Celeb-backed Ads: is the Star Power Necessary?

Famous figures can help advertisers entertain audiences – but are they worth the investment?

From Hollywood actors to sports stars to musicians, there’s no shortage of celebrities in today’s advertisements. Recently, some brands have even turned to TikTok influencers to engage viewers and build positive associations rooted in pop culture.

Companies link up with celebrities for many reasons. They have large established followings and often evoke powerful emotional responses; they have unique skills they can leverage to entertain audiences, like comedy and athleticism; and they add a cool factor to the brand at hand. Want to “Be Like Mike”? Gatorade’s classic spot features acclaimed athlete Michael Jordan and tells viewers to “Drink Gatorade” if you’re hoping to be a star. It’s just one example of the ways in which brands use well-known figures to tout their products and services.

But are these stars truly necessary for brand building? We take a deeper dive into this issue, as well as several campaigns that have successfully leveraged celebrities.


Are Celebrities Worth the Investment?

Sometimes bringing in a famous figure can offer both short-term sales activation and long-term brand building benefits. So, do brands need celebrities to make effective ads? Thankfully, the answer is no. Often the big budgets reserved for brand ambassadors can be spent in other ways to make an ad that will resonate with viewers and support growth.

As discussed in Orlando Wood’s book Look out, “hired devices,” which can be celebrities or existing characters like movie or TV figures (like this James Bond appearance in Heineken’s ad), are typically more likely to produce short-term, sales activation effects compared to proprietary fluent devices that are created by brands and used consistently. Celebrities can encourage people to make purchases or take other important actions, like make donations. However, they are less effective over the long term. Fluent devices are better at increasing market share gain and profit gain than celebrities.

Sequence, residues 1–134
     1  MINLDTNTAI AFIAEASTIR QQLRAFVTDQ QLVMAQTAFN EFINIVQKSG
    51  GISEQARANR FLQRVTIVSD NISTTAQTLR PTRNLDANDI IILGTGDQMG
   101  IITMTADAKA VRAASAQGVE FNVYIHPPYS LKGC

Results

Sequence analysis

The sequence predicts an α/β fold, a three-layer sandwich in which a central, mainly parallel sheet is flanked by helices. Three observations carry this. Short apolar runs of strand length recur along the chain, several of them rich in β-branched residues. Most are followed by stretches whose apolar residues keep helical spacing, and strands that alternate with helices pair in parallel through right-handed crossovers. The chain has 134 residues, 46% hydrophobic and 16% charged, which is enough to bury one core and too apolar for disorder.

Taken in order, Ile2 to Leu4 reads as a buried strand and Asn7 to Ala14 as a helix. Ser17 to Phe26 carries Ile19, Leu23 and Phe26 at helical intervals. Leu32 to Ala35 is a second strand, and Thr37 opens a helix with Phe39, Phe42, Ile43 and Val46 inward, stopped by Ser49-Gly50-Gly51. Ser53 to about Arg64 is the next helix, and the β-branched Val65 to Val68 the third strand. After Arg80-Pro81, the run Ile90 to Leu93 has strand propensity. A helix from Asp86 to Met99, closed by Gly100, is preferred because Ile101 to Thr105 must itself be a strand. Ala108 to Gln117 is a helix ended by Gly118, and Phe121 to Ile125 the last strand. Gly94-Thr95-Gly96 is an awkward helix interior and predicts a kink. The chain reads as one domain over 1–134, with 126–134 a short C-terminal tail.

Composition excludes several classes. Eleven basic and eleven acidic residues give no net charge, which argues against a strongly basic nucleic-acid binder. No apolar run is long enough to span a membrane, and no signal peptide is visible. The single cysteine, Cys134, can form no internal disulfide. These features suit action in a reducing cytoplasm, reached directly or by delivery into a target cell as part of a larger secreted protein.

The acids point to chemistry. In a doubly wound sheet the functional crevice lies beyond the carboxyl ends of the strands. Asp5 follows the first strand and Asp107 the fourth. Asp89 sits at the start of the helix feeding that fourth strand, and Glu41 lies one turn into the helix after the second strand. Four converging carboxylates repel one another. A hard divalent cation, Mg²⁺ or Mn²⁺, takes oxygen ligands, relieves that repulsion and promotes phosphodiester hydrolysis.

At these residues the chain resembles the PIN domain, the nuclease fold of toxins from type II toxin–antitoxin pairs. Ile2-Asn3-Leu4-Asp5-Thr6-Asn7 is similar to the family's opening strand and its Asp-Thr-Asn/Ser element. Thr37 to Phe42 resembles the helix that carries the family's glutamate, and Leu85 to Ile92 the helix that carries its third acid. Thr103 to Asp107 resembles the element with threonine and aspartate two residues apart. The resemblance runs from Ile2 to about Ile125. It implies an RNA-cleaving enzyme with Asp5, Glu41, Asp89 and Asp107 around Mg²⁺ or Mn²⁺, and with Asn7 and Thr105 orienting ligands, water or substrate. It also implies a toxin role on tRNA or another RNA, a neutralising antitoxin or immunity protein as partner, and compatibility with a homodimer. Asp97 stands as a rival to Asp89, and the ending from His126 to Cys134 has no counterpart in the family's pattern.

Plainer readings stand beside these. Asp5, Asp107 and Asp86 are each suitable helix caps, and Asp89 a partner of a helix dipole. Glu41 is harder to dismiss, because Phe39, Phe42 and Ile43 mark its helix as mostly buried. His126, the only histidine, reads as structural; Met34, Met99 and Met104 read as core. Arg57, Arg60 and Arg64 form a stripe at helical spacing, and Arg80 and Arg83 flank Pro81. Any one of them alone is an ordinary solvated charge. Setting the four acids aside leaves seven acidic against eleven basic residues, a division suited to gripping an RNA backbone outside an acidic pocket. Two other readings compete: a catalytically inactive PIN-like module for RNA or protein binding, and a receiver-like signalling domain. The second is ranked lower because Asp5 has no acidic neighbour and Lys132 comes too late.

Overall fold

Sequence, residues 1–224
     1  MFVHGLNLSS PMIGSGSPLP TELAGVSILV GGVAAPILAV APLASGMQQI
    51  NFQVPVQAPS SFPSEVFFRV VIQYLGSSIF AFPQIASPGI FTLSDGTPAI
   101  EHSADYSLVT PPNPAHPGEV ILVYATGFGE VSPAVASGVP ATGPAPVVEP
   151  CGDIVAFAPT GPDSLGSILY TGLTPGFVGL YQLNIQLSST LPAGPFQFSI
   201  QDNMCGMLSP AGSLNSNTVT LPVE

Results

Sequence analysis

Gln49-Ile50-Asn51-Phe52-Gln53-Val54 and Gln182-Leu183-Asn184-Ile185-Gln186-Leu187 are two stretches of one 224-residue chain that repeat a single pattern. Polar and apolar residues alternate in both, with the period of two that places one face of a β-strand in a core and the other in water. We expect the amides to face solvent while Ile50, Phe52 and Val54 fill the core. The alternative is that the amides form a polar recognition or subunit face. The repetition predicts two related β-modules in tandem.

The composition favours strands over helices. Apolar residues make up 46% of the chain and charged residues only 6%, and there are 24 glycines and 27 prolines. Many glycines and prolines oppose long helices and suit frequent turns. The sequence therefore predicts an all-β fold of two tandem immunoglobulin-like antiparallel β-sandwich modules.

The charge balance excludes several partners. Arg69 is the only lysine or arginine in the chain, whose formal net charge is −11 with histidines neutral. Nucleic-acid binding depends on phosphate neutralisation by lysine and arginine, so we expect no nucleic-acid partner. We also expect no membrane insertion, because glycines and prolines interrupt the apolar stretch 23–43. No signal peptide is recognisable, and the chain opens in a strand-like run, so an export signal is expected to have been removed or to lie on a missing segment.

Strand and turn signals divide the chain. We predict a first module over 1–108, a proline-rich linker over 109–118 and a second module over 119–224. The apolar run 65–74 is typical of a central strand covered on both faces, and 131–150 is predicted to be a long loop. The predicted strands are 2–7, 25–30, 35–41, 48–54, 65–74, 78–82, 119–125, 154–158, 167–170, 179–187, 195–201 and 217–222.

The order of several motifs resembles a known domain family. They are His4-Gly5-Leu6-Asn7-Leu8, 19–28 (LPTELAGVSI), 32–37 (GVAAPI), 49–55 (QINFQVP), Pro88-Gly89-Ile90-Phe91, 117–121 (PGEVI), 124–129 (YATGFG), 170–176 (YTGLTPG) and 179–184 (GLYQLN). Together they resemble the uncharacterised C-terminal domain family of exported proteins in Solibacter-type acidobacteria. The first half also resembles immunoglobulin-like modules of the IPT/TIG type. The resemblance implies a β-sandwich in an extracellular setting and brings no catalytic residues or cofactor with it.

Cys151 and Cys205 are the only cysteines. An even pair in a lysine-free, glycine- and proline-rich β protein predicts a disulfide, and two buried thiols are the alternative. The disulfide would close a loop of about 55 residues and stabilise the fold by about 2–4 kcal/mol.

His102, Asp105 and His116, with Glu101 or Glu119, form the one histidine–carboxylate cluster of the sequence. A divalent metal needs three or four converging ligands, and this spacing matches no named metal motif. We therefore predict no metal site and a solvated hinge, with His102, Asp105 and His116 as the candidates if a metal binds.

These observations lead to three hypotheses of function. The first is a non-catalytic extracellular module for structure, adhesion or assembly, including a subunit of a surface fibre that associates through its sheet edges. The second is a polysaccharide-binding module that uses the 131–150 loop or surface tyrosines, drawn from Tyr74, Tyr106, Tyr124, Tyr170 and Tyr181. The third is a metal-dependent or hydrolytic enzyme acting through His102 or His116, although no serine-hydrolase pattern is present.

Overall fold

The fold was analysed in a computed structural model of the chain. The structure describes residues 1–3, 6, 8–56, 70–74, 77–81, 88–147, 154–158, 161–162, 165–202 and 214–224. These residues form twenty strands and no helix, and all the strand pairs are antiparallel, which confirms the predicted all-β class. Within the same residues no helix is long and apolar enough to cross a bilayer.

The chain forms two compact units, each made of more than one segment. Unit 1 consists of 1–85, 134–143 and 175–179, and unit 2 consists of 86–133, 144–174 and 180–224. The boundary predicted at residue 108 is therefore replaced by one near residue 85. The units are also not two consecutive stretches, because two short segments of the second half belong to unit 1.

Additionally, celebrities are humans. In an age where the cameras are always rolling, tying a brand to a larger-than-life figure comes with its own set of risks. Personal scandals involving spokespersons, which often happen without warning, may tarnish a brand’s reputation, requiring greater investment to build the brand up again.

Lastly, while celebrities can help boost the effect of advertising, there are also plenty of cases where big names have been big flops. If a brand does choose to use a famous figure, it’s crucial to make sure that the celebrity is a relevant fit, won’t overshadow the brand, can lean into their true personality and isn’t the sole source of interest. Early-stage ad testing can help brands better understand how audiences feel about the partnership and ways to enhance creative to maximise the investment and market share growth.


Famous Faces Delivering Success

If a brand is set on using a celebrity, there are several entertaining ads that can offer learnings.

The Boy and the Piano

John Lewis